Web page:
Vol. 22, No. 5,514 - The American Reporter - September 7, 2016

by Ron Kenner
AR Correspondent
Baldwin Hills, Calif.
December 17, 2012
The Transformation of America

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BALDWIN HILLS, Calif., Dec. 17, 2012 -- To end gun violence, to improve our schools, to rebuild our space program as soon as we can afford to, we need some other-worldly faith. But we also need a renewed faith - in this world.

That means faith in progress, not only with the courage of hope but with "meaningful action," as the President put it on Friday, to back up our hopes.

Despite our serious problems and for more than any other reason - as astutely implied in Thomas Friedman's Nob. 7 New York Times column, "Hope And Change, Part Two" - the majority of the nation clearly re-elected President Obama as an alternative to obstructionism and cynicism.

This vote occurred despite the general public being inundated by advertising money generated after the stunning Citizens United decision in the U.S. Supreme Court. Under the guise of"free speech," that decision treated corporate donations in the millions equally with paltry individual donations.

And despite massive, costly problems on the horizon, the majority vote for President Obama occurred because of the public's faith in progress, even at a heavy financial cost. What would we expect? "Free" progress, too, along with the "free" speech?

As one solid indication of the majority public's objection to obstructionism, consider how amazing, given the historical record. how remarkable it is that the public voted for Mr. Obama in an economy significantly worse than acknowledged by either candidate. Tax relief was not the major issue on voters' minds.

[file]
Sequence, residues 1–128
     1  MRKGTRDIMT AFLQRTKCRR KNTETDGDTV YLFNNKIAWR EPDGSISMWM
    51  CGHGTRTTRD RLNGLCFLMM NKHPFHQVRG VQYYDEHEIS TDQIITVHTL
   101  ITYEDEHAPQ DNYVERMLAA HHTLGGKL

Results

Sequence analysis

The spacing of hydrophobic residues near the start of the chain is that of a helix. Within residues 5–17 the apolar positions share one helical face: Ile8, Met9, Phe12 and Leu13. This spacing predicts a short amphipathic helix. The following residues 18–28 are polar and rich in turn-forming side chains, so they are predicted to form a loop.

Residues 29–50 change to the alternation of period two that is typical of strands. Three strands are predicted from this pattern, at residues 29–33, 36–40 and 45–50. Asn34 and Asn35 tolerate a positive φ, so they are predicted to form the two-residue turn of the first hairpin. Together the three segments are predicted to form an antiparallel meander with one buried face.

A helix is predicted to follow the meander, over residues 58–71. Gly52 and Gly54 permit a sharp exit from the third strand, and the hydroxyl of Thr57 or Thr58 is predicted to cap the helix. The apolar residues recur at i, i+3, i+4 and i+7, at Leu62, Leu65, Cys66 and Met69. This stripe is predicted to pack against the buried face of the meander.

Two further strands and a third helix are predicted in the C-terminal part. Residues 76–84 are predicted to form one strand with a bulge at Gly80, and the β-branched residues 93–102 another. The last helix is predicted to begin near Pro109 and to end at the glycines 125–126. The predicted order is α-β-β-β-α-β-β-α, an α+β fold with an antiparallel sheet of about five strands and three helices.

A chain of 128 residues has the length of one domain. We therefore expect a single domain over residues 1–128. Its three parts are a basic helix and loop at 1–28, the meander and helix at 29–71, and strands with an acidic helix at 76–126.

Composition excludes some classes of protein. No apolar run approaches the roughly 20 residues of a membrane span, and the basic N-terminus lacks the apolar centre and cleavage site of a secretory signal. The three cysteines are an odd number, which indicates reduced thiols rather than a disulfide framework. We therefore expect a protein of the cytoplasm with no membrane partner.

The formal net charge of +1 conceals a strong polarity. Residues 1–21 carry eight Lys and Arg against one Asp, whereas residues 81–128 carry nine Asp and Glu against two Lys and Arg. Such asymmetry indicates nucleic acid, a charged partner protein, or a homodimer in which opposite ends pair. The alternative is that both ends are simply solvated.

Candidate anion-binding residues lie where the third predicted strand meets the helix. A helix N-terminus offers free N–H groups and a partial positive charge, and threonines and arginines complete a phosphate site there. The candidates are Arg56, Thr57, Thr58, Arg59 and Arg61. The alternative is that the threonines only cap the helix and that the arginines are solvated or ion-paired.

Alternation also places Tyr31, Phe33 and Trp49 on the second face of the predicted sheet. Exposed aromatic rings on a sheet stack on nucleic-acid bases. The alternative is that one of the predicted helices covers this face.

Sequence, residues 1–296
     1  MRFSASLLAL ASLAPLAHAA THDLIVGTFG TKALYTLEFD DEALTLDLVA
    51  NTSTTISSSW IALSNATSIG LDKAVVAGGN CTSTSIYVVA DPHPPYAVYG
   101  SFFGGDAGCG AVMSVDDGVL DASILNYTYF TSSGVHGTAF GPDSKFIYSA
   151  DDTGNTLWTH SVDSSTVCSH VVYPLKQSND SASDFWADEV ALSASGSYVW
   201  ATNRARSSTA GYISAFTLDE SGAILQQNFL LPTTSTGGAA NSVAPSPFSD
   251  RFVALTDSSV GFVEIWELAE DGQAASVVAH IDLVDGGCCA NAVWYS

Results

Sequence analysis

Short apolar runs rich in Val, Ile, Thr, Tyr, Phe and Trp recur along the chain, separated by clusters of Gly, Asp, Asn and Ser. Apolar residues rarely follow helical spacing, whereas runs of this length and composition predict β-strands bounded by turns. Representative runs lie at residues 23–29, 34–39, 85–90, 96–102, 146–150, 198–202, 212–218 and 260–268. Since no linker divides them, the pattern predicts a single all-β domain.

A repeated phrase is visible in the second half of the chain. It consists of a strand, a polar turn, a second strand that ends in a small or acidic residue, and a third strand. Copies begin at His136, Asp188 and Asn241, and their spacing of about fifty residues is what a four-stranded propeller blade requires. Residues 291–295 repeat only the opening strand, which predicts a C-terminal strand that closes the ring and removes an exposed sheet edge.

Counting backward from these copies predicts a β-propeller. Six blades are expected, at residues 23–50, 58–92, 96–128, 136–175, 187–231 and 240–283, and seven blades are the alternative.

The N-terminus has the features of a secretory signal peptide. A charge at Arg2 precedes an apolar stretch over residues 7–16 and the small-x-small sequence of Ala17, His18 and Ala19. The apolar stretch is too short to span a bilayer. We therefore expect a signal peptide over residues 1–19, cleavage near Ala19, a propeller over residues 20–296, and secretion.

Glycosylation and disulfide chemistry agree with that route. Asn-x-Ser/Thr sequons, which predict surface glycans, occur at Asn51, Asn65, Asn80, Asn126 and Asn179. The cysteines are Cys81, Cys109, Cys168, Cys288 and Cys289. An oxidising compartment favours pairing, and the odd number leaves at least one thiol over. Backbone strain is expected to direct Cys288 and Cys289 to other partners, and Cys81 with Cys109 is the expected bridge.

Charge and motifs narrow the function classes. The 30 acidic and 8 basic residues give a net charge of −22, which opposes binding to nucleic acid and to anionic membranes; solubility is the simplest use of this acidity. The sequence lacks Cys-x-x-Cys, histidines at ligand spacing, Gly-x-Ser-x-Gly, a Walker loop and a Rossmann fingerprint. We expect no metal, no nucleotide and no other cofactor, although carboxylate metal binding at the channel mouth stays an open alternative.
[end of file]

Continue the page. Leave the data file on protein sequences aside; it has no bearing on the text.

On Nov. 6, the majority of American voters bit the bullet and committed to progress. Like Alan Greenspan, the former Chairman of the U.S. Federal Reserve - who seemed to gain a new sophistication after his retirement when his book came out - let's hope President Obama now gains a new clarity in his second term.

The President has a role as a confidence-builder in hard times. And he was, if only to demonstrate that he had things under control. Now, in his second term, let's hope he will not overplay the role of confidence-builder.

Instead, he should level with the American public about the many things that are out of control - due in part to political obstruction of regulations and common sense spending - and start bringing things back into line.

His eloquent speech Sunday night at a vigil in Newtown, Conn., where the latest massacre of children took place in just over two minutes in Newtown's Sandy Hook Elementary School, was a testament to that.

"These tragedies must end," he said, and there was little doubt in that crowded high school auditorium that he meant the words completely.

Despite the ludicrous fear-mongering about Mr. Obama's name and where he was born, or whether he's a legitimate President, or plans a massive seizure of guns in private hands, now is the time for him to not only seek consensus with Congress but with a larger segment of the American public.

He might well accomplish this by making inroads against the ignorance, confusion and misinformation about what really needs to be done to rebuild our nation and once again assume a meaningful leadership role in the world as a respected part of the international community.

The President has a narrower mandate than he did in the first election, but he also retains now the promise of a much stronger mandate down the road - to face facts and level with the American public, and get us on a safer, more productive course.

Even if it's not a huge mandate, the majority of the public has clearly indicated, as noted, its faith in progress -whether it costs money or not! That means consensus and ways to "get along," not just progress on a tentative, lame-duck scale,

As recent polling shows, despite being manipulated by tons of money and sound bites, the public has now proven itself more receptive to big ideas and big actions than has big business, or the federal government on both sides of the aisle. Gun control well may be the toughest of those "big" ideas.

And the Republican side of the aisle will offer no competition, if the public has a say in what's going on.

Next: Part">http://www.american-reporter.com/5,514/176.html">Part VI: Think Big, Or Don't Think At All

AR Correspondent Ron Kenner, a former reporter for the Los Angeles Times, has edited about 100 published books, including more than a dozen gold medal/first place national award-winners in nonfiction, dramatic nonfiction, and fiction. Write him at ron@rkedit.com.

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